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Re: [midatlanticretro] OT w/ Disclaimer: Hobby Microcontrollers

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  • ragooman@comcast.net
    ... From: Joe Giliberti ... Joe, I ll try to keep it short here... :) You re question will always open a can of worms amongst many
    Message 1 of 6 , Sep 28, 2008
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      -------------- Original message ----------------------
      From: "Joe Giliberti" <Starbase89@...>
      >>
      > Message:
      > Hobby Microcontroller Setups:
      > Which one?
      > I will soon hopefully be starting a robotics team with some friends. The
      > goal is to make some entries for a competition in Ohio in late April.
      > We can pretty much use anything for control, from relay logic to a
      > microcontroller. Unless I were building something for either novelty or to
      > show the possibility to use an old technology, I would obviously choose some
      > type of microcontroller. As I do not yet know what tasks we will be
      > competing in, it is hard to make a decision. The devices I am considering
      > are:
      > --Arduino
      > --BASIC Stamp
      > --Parallax Propeller
      >
      > Anyone use any of these three? As I understand it, programming Arduino and
      > BASIC will be simpler than the Propeller. The Propeller though, is
      > significantly more powerful than the other two. So, it will ultimately
      > depend on what we decide upon, but basically, what has the most bang for the
      > buck? What is the most versitle? You get the idea.
      >

      Joe,

      I'll try to keep it short here... :)

      You're question will always open a can of worms amongst many hobbyists . I've been in robotics as a hobby and some work since 70's. This type of question is best suited for their newsgroups. BUT, I personally recommend you to refrain from posting this over there because it won't get you any clear and concise answers. A choice of hardware is at best an individual preference. There's always the "mine's better than yours crowd". To develop your preference of choice it's better to actually experiment with a few types or view someones design to get some hands on experience. Just reading about the stories is never enough--reading about what information to look for in hardware is most important. That's why they make evaluation boards to let you experiment with the hardware. A lot of times people just take this and put it inside their robot if it fits.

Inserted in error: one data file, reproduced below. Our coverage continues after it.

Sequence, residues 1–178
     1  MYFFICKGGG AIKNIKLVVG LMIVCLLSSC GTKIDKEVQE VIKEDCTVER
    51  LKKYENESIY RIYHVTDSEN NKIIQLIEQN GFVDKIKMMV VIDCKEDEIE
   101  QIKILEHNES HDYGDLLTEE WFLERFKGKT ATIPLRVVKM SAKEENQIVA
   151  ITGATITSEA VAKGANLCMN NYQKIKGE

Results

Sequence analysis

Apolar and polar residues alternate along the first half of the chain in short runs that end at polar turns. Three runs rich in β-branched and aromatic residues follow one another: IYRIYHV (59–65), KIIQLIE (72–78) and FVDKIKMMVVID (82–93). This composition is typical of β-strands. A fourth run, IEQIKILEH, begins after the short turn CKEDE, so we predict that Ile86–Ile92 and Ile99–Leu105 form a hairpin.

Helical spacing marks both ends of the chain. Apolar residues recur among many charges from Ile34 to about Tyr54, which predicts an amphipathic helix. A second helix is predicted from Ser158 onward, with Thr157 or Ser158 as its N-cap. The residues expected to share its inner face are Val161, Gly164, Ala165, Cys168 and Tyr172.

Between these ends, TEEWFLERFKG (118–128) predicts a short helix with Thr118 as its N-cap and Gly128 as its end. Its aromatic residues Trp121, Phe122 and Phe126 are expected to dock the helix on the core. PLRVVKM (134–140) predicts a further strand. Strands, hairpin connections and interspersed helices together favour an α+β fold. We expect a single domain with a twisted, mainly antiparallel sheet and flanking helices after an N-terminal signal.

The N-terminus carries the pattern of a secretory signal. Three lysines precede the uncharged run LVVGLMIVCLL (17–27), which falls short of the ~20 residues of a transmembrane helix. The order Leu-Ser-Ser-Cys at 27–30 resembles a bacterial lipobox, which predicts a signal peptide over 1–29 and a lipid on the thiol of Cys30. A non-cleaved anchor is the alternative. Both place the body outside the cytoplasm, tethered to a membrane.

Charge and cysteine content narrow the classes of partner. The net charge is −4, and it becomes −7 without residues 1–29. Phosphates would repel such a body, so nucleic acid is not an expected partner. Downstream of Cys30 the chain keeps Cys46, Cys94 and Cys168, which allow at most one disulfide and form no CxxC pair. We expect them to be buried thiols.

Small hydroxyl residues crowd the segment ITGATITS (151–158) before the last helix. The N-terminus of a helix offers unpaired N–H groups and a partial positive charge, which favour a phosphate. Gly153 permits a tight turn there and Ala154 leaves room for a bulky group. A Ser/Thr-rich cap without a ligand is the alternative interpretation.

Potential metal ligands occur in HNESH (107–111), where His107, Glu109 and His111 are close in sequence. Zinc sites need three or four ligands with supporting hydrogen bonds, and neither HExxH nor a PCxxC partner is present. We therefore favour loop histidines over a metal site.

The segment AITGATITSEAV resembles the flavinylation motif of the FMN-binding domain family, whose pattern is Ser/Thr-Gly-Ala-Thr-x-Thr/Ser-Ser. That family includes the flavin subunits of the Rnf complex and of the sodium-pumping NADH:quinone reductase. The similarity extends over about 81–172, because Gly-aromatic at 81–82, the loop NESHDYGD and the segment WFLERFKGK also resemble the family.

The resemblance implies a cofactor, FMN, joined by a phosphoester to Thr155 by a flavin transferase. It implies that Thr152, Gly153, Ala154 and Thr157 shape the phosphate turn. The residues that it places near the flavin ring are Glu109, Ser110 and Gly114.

The Arduino is best suited for beginners. As it has many support features built-in to let you get started right away. It'll go a long way, and it's capable of running many different robotic projects. But if your already a programmer you will find the urge to upgrade later on, such as a C compiler--which as far as I know this isn't supported on here - but check anyway. The Propeller is something I would recommend once after you gain some experience with ordinary microcontrollers--this one is much more involved.

      I suppose you're familiar with the robotics newgroups out there in Chicago ? There is a robot contest held by the ChiBots robot club. There's another club in that area too, CIRC. Both have their own yahoo newsgroup, its open to anyone --not just the local members. It's close to us but we haven't made it there yet.

      As for my preference, over the years, I found the AVR from Atmel to be quite effective and user friendly--for 8bitters. Mainly because the AVR technology has always been modern, the parts are cheap, and there's a large open source community (ie.free) of software(including compilers) Check out this website, it's about the biggest forum, http://www.avrfreaks.net/
      You should find a lot of info on the Arduino there --since it has an AVR processor too

      Your welcome to checkout the webpage for our robot club in Pittsburgh.
      We're building a new robot contest here, it's called RoboSwarm (see link below)
      The details about the robots and contest are in the different links there
      The webpage needs some attention as we're always busy with building than writing :)
      We only have 4 robots for this contest so far that our members are building.
      Hopefully we'll get more people once it's up and running.
      http://www.pittsburghroboticssociety.org/roboswarm.html


      hope this helps,

      =Dan
    • Brian Cirulnick
      ... features built-in to let you get started right away. ... I recently saw an alternative, which is Freeduino http://www.freeduino.org/ But, I don t know
      Message 2 of 6 , Sep 29, 2008
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        --- In midatlanticretro@yahoogroups.com, ragooman@... wrote:
        >
        > The Arduino is best suited for beginners. As it has many support
        features built-in to let you get started right away.